"I think there is a lot of hope with Brian Sandoval," said Fred Lokken, a political science professor at Truckee Meadows Community College in Reno. "Stylistically, we have already seen dramatic differences from the Gibbons administration. I feel Sandoval has put together a good Cabinet and has done it quickly. And unlike Gibbons, they will work and stay with him for a period of time and not create the instability that Gibbons had in his administration."
Or has it really? If we're to believe the donor list for Sandoval's inauguration celebrations, perhaps not.
He was recruited to run for governor by two of the state’s leading business lobbyists and was employed by one of Nevada’s largest lobbying firms.
A glance at the list of corporate sponsors of Sandoval’s inaugural celebration reflects those ties and includes companies and interests with some of the thorniest issues before the Legislature next year. They have spent a considerable amount of money on gaining access to political decision-makers.
Barrick Gold, for example, is at the top of the list of $25,000 Platinum sponsors on the inauguration announcements. The mining industry is a top target for those who are fighting for more taxes to better fund state services. [...]
In addition to Barrick, MGM Resorts International, Wynn Las Vegas and the Retailers Association have contributed $25,000.
Donors at the $10,000 and $5,000 level include his employer, the Jones Vargas law firm, Pfizer, United Health and CVS.
So meet the new boss, same as the old boss? See, I wasn't really far off after all. We are continually confronted with the brutal reality of the changes we must make to survive the future.
In November, the Brookings Institution and London School of Economics released a report saying that Las Vegas’ economic performance ranked fifth-worst among 150 metropolitan areas around the world, and prospects for a rapid recovery are dim with its dependence on domestic tourism and construction.
In December, the Lied Institute for Real Estate Studies published a white paper that said what Nevada needs to be successful at diversification is to place greater priority on public schools, colleges and universities. [...]
The latest report on the Las Vegas economy shows the need for diversification.
In its Mountain Monitor that measures the region’s economic performance, Brookings said Las Vegas ranked second to last among the nation’s 100 largest metropolitan areas through the third quarter. The index measures changes in employment, unemployment, gross metro product and house prices from before the recession to the present. Only gross metro product, up by 0.1 percent, increased, the report said.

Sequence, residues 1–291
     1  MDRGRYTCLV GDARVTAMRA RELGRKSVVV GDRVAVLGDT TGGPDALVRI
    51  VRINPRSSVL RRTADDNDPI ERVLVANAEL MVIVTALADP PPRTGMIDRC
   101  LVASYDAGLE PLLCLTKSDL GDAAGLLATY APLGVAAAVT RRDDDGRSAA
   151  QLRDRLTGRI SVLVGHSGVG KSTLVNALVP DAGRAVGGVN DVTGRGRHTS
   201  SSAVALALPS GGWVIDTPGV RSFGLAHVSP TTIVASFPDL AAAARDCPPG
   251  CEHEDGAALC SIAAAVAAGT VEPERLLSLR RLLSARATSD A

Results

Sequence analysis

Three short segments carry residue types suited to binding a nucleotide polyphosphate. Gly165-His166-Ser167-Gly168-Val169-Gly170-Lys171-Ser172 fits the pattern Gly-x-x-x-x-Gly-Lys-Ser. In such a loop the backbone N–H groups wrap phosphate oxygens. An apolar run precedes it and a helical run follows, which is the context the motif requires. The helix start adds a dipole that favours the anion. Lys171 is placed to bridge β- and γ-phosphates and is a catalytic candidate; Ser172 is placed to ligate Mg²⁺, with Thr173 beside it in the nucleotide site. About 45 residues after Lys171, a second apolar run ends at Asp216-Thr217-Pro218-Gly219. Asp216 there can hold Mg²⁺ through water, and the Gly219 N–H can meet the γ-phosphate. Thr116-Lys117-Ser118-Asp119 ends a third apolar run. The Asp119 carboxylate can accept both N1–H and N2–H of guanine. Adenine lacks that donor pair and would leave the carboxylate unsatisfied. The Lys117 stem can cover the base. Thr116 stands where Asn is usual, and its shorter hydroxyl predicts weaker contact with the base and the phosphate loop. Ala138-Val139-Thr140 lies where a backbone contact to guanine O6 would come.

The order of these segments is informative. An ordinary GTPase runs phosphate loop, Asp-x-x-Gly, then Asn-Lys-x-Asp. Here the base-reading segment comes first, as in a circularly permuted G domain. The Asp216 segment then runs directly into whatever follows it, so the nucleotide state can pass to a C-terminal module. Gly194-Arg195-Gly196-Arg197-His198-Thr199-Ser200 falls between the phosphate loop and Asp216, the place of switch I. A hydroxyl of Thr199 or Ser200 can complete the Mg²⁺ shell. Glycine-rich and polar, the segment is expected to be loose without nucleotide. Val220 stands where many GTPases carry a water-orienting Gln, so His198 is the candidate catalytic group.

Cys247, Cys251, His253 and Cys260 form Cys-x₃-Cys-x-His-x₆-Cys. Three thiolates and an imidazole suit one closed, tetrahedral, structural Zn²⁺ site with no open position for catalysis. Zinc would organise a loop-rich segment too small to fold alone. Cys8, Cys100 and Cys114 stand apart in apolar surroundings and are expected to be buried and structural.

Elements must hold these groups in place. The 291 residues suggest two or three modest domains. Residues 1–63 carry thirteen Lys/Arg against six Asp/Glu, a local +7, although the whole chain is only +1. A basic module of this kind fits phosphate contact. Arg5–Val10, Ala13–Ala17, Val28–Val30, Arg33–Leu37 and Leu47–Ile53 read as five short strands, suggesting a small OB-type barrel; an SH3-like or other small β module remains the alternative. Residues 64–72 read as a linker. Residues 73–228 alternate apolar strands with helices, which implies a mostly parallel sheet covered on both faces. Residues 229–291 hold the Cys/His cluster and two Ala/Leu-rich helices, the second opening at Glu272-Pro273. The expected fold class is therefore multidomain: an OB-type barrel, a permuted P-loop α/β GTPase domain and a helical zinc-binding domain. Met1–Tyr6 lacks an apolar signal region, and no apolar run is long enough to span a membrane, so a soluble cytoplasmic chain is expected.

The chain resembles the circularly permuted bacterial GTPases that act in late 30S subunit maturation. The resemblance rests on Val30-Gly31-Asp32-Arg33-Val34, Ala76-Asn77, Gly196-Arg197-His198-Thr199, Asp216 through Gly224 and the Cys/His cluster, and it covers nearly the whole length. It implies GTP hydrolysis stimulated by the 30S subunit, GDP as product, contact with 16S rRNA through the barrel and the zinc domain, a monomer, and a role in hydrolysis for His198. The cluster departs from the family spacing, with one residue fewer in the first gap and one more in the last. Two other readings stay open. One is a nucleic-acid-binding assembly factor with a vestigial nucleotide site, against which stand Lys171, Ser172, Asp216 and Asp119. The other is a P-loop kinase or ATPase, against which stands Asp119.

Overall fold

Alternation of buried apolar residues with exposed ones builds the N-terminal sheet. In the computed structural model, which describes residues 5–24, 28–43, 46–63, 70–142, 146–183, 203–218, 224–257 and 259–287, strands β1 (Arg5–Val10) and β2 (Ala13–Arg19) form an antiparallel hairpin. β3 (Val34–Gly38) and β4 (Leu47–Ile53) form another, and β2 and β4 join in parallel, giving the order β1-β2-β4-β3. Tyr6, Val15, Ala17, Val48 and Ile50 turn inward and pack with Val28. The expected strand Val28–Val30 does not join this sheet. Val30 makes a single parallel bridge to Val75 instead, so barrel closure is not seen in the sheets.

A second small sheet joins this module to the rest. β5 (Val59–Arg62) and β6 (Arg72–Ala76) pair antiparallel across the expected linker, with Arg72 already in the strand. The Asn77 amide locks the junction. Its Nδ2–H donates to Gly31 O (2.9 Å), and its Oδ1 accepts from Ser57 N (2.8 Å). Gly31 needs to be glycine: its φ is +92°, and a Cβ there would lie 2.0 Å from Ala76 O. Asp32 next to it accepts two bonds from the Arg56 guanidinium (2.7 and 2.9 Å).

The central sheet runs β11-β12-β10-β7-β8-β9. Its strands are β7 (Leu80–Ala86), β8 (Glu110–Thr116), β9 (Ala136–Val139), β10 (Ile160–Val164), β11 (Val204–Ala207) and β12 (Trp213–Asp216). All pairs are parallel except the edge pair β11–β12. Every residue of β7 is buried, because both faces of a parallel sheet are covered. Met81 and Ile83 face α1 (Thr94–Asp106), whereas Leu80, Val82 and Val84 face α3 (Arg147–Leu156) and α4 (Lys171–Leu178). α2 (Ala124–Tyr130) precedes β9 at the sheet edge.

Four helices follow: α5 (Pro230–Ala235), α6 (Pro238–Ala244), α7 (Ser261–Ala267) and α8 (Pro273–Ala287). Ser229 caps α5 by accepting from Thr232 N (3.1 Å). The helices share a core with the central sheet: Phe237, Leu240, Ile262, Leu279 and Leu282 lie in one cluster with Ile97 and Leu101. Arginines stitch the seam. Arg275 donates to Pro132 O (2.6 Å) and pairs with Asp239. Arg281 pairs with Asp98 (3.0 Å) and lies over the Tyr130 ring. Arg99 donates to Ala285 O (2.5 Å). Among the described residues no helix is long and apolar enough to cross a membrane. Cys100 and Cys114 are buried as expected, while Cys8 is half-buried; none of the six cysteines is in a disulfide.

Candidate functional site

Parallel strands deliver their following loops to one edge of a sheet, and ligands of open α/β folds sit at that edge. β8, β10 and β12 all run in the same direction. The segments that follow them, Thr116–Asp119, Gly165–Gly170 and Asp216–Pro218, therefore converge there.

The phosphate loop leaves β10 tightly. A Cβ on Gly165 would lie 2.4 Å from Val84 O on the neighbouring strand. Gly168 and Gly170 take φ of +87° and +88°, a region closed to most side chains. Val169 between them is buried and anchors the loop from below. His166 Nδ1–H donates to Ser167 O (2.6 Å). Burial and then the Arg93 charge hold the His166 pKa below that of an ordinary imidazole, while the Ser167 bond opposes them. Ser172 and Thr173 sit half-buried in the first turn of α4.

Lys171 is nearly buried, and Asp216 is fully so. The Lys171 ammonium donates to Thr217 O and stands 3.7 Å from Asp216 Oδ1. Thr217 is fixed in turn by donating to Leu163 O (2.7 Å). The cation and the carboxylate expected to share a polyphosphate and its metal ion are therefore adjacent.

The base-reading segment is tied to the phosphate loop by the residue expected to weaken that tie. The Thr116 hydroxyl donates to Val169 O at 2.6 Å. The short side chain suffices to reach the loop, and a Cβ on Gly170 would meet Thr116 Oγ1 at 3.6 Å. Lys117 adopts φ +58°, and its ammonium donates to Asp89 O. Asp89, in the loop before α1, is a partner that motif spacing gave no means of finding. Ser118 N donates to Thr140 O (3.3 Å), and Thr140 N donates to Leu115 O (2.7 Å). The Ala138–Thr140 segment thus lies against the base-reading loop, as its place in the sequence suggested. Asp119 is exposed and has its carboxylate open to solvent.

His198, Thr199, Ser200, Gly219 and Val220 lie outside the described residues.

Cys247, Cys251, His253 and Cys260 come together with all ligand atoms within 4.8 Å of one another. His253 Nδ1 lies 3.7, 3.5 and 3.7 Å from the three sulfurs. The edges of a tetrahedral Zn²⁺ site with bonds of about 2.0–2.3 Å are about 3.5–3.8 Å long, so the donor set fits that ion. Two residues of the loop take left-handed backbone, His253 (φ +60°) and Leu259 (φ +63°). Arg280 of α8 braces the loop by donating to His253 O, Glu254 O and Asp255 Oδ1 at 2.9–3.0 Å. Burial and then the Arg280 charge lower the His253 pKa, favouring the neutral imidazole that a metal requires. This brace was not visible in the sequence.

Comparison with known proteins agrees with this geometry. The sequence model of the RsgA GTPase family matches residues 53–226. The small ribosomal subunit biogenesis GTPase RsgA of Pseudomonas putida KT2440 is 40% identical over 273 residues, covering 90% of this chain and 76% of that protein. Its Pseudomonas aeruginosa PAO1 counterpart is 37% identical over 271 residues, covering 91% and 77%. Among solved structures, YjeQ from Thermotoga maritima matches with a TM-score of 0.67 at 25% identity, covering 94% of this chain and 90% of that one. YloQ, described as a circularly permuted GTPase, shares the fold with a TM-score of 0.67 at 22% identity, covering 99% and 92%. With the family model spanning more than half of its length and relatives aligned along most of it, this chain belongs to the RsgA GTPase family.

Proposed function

Economic data from the third quarter show Las Vegas is losing ground, but at a slackening pace on almost every indicator, the report said.
“The fact that other metros with different economic bases and stronger, more resilient economic engines have been able to pull themselves out of recession and into recovery underscores the need for a fundamental reflection on the nature and prospects of Southern Nevada’s current economic base,” the report said. “Again, reaching, let alone surpassing its pre-recession size will require Las Vegas’ economy to first end its slide and second post exceptional growth rates in the years ahead. But where will the growth come from? This growth can likely only be powered by a substantially retooled economic engine, one fueled much more than the last economy ever was, by human capital, innovation and exports.”
Cheese louise, when did my name become Cassandra? (Oh please, oh please, I do NOT want to see the destruction of
And just what will it take to get folks in Carson City to realize we really will be heading towards doom and destruction if we allow our infrastructure, everything from our schools to our transportation to our parks, to continue to be cannabalized, just so a few craven politicians can fulfill their "no new taxes"
Even Sandoval's staunchest allies, such as longtime state Sen. Bill Raggio, R-Reno, are wary of Sandoval's no-new-taxes stance. It was the same stance Gibbons of Reno took.
Gibbons was forced to break it on occasion, including the time when he put revenue from a proposed hotel-room tax hike into Nevada's biennium budget.
Raggio said Sandoval has the potential to become a great governor, adding: "I have heard what he said. I have heard what a lot of candidates have said, and my point is that it is easy to say 'no taxes, no taxes, no taxes.' But on the other hand, you have got an obligation to provide for essential services, and it is not the answer to push them over to local government and let them do it because that money will also come from taxes. So all you are doing is shifting the liability over."
When even Bill Raggio states the obvious, it's well past time to pay attention! But will Sandoval? Or will he try some "third way" out like "Home Rule" (aka passing the buck for government from the state onto the counties, primarily Clark and Washoe)? Or will he just let The Legislature do all the "dirty work" for him in piecing together yet another
Whatever the case, Scott Dickensheets was certainly onto something this morning when he asked just how "new" our new Governor's "ideas" really are.
And no, I don't enjoy "bashing Brian". I'm not out to "settle scores", pass along gossip, or be bitchy. I keep coming back to this because I don't see how the failed "quick fixes" of the past can work for us again. We have to change course, and frankly the sooner we do the better we'll fare.
I don't want to give up on Nevada. In fact, I refuse to give up on Nevada. The ball is now in Brian Sandoval's court. Is he too afraid to make the slam dunk we all need? And if he is, will someone(s) else step up in his absence?